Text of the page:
A medical malpractice case requires an expert assessment of the facts. Yours is no exception. Feel free to contact me offline if you wish to pursue this further.
JOYCE J. SWEINBERG ESQUIRE
Attorney at Law
105 A East Maple Avenue
Langhorne PA 19047
Disclaimer: Please note that this answer does not constitute legal advice. It is merely intended to provide general information to aid the poster in finding answers to the problem posed. This answer does not create an attorney-client relationship. In most cases, it is best to contact an attorney directly to find answers to your problems.
Strange. Usually xrays are not taken to confirm no fracture. In this context anyhow. Personal injury attorneys nearly always give a free initial consultation.
The insurance industry’s own statistics indicate that once an attorney becomes involved, the value of any claim at least doubles.
Put those two facts together and it is in your best interest to retain experienced legal counsel at your earliest possible convenience.
This answer is provided for informational purposes only. Actual legal advice can only be provided in an office consultation by an attorney licensed in your jurisdiction, with experience in the area of law in which your concern lies.
I would want to know why x-rays were taken to prove the collar bone was not broken in the first place. That is unusual. However, if you can show that the fracture occurred after those x-rays, and that custody was in the hospital during that time period, then I believe it merits additional investigation. We would be happy to review for no charge.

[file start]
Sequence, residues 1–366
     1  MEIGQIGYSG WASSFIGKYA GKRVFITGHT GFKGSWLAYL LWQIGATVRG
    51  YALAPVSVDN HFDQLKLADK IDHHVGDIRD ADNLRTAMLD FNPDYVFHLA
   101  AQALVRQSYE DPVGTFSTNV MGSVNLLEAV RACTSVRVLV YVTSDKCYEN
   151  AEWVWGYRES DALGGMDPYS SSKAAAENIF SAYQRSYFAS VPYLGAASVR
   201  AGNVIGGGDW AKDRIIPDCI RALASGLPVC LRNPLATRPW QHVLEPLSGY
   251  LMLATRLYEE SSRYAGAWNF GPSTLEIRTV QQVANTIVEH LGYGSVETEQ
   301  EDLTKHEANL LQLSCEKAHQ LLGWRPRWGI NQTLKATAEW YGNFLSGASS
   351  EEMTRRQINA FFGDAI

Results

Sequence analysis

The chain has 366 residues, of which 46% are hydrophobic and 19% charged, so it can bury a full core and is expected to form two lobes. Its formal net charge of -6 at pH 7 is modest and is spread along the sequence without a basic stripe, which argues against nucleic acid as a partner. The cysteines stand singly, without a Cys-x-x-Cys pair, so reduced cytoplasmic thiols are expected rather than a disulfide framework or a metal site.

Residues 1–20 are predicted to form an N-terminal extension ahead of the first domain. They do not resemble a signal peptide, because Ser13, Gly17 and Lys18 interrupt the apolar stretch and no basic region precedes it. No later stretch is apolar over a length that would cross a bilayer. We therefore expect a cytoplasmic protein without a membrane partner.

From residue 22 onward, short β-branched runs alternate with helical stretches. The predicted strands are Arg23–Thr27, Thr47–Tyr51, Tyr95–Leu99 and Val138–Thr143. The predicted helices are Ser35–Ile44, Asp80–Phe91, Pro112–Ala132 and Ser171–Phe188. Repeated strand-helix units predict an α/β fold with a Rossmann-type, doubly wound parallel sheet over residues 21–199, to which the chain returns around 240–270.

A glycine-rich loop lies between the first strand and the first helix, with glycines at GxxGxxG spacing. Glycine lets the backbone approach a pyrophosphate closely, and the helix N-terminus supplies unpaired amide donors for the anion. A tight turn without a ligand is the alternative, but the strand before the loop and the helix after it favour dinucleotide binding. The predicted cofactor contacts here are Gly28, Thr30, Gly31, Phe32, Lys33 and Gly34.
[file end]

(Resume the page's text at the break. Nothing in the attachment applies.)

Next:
It is not uncommon for an x-ray of a newly fractured bone to be negative for evidence of a fracture and then a later x-ray shows the fracture clearly. This is due to the subsequent migration of the bone following fracture as well as the calcification involved in the body's healing response, which results in the fracture being identifiable after some period of time has taken place.
How could you know that there was no fracture of the collar bone? Was there an x-ray immediately after the birth? There are medically accepted situations where it is completely acceptable to fracture the collar bone during the child birth. In fact, there is a well known maneuver performed during difficult deliveries where this bone is fractured intentionally. Not only is this not malpractice, but can be the accepted standard of care. I think you need more facts before your question can be answered. The good news is that this particular bone is soft and may very well heal without complication. Good luck.
THESE COMMENTS ARE NOT LEGAL ADVICE. They are provided for informational purposes only. Actual legal advice can only be provided after consultation by an attorney licensed in your jurisdiction. Answering this question does not create an attorney-client relationship or otherwise require further consultation.